February 16, 2016

‘Got room for one more?’ That’s the question Samuel L Jackson’s Major Marquis Warren asks the driver of a passing stagecoach in Quentin Tarantino’s The Hateful Eight. In the film, Warren may well be asking for just a ride, but in a metaphysical way, it may well be Samuel L Jackson asking White Hollywood whether they have room for one more actor. Whether White Hollywood can accept Jackson and other black actors’ right to rightfully claim ‘a seat at the table’. And that’s not just any old table. It’s the table where all the big decisions are made. It’s the table where all the scripts get the green signal. It’s the table where all the studio bigwigs get to decide how many, if any, people of color get cast in a movie.

A look at the Oscar nominations this year suggests that the question seems to have fallen on deaf ears. For the second time in a row, not a single actor of color has received a nomination in the four acting categories. It would be easy to accuse the Academy Awards of racism now, but this is just one manifestation of a more complex problem. As Spike Lee pointed out shortly after the nominations were announced, “We’re not in the room. That’s how you fundamentally change stuff.” Even though Lee is boycotting the Oscars, it’s this point that should be addressed first and foremost. Any anger at the Academy’s failure to recognize non-white actors should in fact be directed at the system itself.

Also, it shouldn’t end at black actors. Where are the nominations for Benicio del Toro, or Oscar Isaac? Why is Michael Pena regularly snubbed? Does anyone in the Academy not watch the films Golshifteh Farahani has been doing the past few years?

As far as this year’s edition is concerned, most of the winners seem to be pretty much decided. It’s Leonardo DiCaprio’s year and he should be getting his first Oscar after, well, all this time and all those internet memes. He’s given it his all in The Revenant and it looks like this year’s campaign will pay off. Ironically, if there is one film where it’s not really about the performance, but in fact about the cinematography and direction, it’s this film. Which is why Emmanuel Lubezki and Alejandro Gonzáles Innárritu should be amongst the winners this year, Lubezki for a third time in a row, Innárritu for a second.

For the Best Actress category, it’s Brie Larson’s statuette to lose, given her winning streak so far. She is mighty good in Room, aided tremendously by Jacob Tremblay as her son. Were it any other year, Saoirse Ronan would win for her impeccable, nuanced and very intelligent performance as Eilis in historical drama Brooklyn.


So much of the Oscars is about momentum and whose year it essentially is and no other actress currently embodies this better than Alicia Vikander. She was captivating in Ex Machina, a terrific science-fiction film for which she should have been nominated over her turn in The Danish Girl. But she’ll take it, and win for Best Supporting Actress. Her performance is what holds the film somewhat together. The only blemish is that she’s clearly the lead actress of the film, not a supporting actress.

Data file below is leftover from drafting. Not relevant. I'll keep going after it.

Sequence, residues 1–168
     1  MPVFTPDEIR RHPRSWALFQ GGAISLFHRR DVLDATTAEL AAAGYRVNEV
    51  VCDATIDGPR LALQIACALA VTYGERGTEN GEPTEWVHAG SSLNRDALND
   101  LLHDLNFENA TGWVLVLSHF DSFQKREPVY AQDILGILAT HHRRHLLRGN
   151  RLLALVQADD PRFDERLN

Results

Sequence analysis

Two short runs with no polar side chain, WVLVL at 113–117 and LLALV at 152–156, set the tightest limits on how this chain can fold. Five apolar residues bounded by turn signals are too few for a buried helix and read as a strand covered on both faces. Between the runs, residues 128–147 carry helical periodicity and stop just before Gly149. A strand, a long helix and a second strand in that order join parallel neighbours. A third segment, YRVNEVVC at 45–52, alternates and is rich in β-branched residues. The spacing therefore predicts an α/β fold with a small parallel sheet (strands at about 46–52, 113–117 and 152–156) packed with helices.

The best Supporting Actor nominations are very varied and perhaps the only out of the acting nominees where it could go either way. There are two very good performances from actors in ensemble films, Mark Ruffalo and Christian Bale. Sylvester Stallone’s return to the Rocky franchise in Creed was a pleasant surprise, as he forms the emotional core of the film. Tom Hardy is the only one who seems a bit fancifully nominated for his villainous performance in The Revenant, which was very good but not as good as some actors who’ve been snubbed, such as Idris Elba for Beasts of No Nation. Looking at all these actors, Mark Rylance’s beautifully underplayed performance in Bridge of Spies might have the best chances of winning.

Coming to the biggest award of the night, it could be that the Academy splits between Best Director and Best Film. While Innárittu is set for the former, the top prize could well go to Tom McCarthy’s Spotlight, not a perfect film by any means but certainly the most important and by turns most impressive, looking at what it set out to do and eventually achieved. What makes Spotlight so good is its script, which should be winning the Oscar for Best Original Screenplay too. The other writing Oscar, for Best Adapted Screenplay, is an intriguing prospect due to Aaron Sorkin’s no-show for Steve Jobs. It could go to either Emma Donoghue’s Room, adapted from her own bovel or Carol, by Phyllis Nagy, adapted from Patricia Highsmith’s book.

And then there are the two categories, which in a broader sense are on par with the Best Film category and in fact shouldn’t necessarily be separated. The Best Foreign Language Film of the Year, which will probably go toSon of Saul. And then there’s Inside Out for Best Animated Feature Film of the year, but given very strong competition by Charlie Kaufman’s stop-motion wonder Anomalisa. Looking at both these film, who in their right mind wouldn’t nominate them for Best Film of the year? Clearly, the Oscars still have a long way to go.

Schayan Riaz is a film critic based in Germany